In Defense of Downton Abbey (Or, Don't Believe Everything You Read)

The proof of the pudding, as they say, is in the eating. Which means, if I can get on my soapbox for a minute, that in order to judge something, one ought to experience it first hand. One can't know how the pudding has turned out until one actually tastes it. I was asked last week--while I was on vacation with my wife--for an interview by a journalist from The Daily Mail, who got in touch to talk to me about PBS' upcoming launch of ITV's period drama Downton Abbey , which stars Hugh Bonneville, Dame Maggie Smith, Dan Stevens, Elizabeth McGovern, and a host of others. (It launches on Sunday evening as part of PBS' Masterpiece Classic ; my advance review of the first season can be read here , while my interview with Downton Abbey creator Julian Fellowes and stars Dan Stevens and Hugh Bonneville can be read here .) Normally, I would have refused, just based on the fact that I was traveling and wasn't working, but I love Downton Abbey and am so enchanted with the p

Poll: What Are You Most Looking Forward to Watching This Winter?

Happy New Year, everyone! I'm back after a much needed vacation. I hope your holidays were as lovely as mine, which included playing host to some visiting family, a luxurious trip to Napa with my wife, and more screeners than you can shake a TiVo remote at. Yes, we watched a host of DVDs for new and returning television series, including Shameless, Big Love, Lights Out, Episodes, Justified, V, The Chicago Code, Breaking In, Harry's Law, The Cape , and much more. With the Television Critics Association's Winter Press Tour just a few days away, there's still a lot more to get through before the beginning of the twice-yearly critics' gathering. But I'm curious to know what you were all up to and what upcoming television you're most looking forward to over the next few weeks? Can't wait for the return of those scaly aliens on V ? Looking to head down the pub with the Gallaghers on Showtime's Shameless ? Tip your hat at Timothy Olyphant's Raylan Gi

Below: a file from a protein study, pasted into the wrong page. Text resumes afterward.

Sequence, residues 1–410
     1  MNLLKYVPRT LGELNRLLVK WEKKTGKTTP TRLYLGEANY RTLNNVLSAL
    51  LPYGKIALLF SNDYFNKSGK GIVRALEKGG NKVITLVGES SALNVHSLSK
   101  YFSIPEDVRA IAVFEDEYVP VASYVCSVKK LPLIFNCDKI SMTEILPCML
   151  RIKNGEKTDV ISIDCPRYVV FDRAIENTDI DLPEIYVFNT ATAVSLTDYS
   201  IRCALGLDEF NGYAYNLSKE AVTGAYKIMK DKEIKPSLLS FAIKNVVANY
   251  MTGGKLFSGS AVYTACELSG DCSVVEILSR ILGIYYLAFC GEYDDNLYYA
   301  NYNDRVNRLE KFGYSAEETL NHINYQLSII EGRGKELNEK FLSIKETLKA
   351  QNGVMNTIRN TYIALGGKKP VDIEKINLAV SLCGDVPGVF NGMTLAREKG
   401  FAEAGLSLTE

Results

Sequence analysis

Test Pattern: What's Your Indispensable TV Network?

We all have the networks--whether broadcast or cable, legacy or newbie--that we gravitate to, but I was wondering this morning about so-called indispensable networks. Given that I write about television, nearly all networks could be said to be indispensable in one way or another, but what I was pondering was that one specific television channel that you can't turn away from, that you automatically switch to when you turn on the television, or which you have on as background while you're doing other things in our multi-tasking obsessed society. Many years ago, that channel was--perhaps not surprisingly for those of you who know me--Food Network, but it was replaced by BBC America around 2000 and for many years that was my go-to network, the one spot on the metaphorical dial that I could always depend on for diverting fare, soothing background noise, or a sense of the familiar and comforting. For whatever the reason, sadly, that's not the case anymore and--shock, horror--